I've long been familiar with Mr Fisher's work, I have read his excellent autobiography ( I have actually been scanning it over in the past few days, before all this hit the fan ) and always appreciated his motto of fairness when it came to writting about players.

In my eyes, Red Fisher always was at his best when detailing the human side of the players in which he wrote about. He had long earned players trust and respect by duly given them the same, and from it poured forth beautiful accountings of the people and heroes we cherished.

Despite Fisher's stance on where Roy's jersey should hang, he finished off his column with an anecdote from Roy's playing days that was quite heartwarming. It opened up the other side of Patrick Roy for all to see. It epitomized fairness, in a sense.

Red wrote:

"Controversy has been a recurring theme with Roy during his career, and yet I also have seen him in his best moments when his gentleness moved people to tears. Roy surely has forgotten it, but I still remember one incident that left me giddy with pleasure.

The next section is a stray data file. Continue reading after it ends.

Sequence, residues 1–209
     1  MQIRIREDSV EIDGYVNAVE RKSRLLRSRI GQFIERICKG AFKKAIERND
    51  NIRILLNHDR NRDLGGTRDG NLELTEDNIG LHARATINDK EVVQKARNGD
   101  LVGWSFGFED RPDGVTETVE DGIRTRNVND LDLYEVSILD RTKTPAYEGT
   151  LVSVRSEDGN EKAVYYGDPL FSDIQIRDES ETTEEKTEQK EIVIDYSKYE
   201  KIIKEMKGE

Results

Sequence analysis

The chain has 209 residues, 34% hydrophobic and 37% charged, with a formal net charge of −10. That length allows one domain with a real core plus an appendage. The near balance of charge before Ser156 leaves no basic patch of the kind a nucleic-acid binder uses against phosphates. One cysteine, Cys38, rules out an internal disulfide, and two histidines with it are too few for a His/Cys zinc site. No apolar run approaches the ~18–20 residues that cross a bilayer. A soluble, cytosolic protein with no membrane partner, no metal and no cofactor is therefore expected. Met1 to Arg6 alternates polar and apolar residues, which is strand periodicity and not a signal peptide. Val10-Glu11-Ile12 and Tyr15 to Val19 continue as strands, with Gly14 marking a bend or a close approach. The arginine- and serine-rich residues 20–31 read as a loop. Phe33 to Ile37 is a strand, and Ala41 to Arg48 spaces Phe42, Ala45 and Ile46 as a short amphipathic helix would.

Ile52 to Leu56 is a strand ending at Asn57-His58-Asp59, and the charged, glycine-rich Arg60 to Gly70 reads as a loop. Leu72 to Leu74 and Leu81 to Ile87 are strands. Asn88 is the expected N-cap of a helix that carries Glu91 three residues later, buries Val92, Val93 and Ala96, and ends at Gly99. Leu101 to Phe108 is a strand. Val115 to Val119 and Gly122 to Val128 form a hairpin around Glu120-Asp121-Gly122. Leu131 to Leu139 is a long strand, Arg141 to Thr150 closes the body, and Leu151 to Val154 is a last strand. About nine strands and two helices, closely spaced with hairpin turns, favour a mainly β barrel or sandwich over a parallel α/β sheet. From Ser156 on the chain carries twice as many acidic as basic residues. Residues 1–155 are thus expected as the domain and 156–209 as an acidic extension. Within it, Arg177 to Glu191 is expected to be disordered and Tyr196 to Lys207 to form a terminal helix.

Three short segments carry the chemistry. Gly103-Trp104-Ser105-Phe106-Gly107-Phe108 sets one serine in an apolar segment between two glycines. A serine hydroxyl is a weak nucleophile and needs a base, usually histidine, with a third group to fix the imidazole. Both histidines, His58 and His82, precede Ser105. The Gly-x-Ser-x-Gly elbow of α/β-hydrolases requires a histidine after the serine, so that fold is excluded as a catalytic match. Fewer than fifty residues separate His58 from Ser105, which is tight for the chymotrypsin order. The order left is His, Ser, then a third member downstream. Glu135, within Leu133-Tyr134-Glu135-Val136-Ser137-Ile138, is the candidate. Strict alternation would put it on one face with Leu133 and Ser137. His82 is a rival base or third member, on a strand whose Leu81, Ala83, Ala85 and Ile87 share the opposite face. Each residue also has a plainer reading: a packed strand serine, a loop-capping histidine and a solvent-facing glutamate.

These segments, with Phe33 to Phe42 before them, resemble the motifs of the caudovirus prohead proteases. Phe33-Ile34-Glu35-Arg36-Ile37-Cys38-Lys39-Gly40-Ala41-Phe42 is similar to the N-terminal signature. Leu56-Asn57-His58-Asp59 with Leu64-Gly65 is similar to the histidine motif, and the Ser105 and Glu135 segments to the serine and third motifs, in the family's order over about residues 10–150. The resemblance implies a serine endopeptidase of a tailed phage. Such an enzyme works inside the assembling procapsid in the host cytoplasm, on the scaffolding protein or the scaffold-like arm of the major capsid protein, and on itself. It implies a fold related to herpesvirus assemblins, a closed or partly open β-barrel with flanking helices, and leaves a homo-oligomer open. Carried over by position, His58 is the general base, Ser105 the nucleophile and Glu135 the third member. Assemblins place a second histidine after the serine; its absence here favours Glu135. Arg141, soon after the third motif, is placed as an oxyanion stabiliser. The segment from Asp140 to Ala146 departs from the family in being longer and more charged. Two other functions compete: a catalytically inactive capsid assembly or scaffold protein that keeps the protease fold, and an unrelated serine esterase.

It happened following a Habs practice in Quebec City. There was a game to be played that night, but now only Roy remained on the ice waiting for a 10 year old to join him. The boy was born to pain, and lived with it bravely - he had this dream of going one on one with his idol, Roy. What could be greater than to score a goal on Patrick Roy?

So there they were at the Quebec Coliseum: Roy skating in little circles, sending up small shivers of ice pellets, rattling the blade of his stick on the ice before settling into a crouch in his crease, looking every inch like a guy in the moments before Game 7 of the Stanley Cup final. The boy's mother looked on nervously watching her child who hadn't smiled or laughed nearly often enough in his young life.

"Okay ... I'm ready," Roy finally yelled. "Show me your best."

It took a long time for the boy, skating on his matchstick legs, to close the 15 feet separating him from Roy's crease. A wobbly shot ... a desperate lunge from Roy and ... goal! Roy slammed his stick on the ice in mock anger.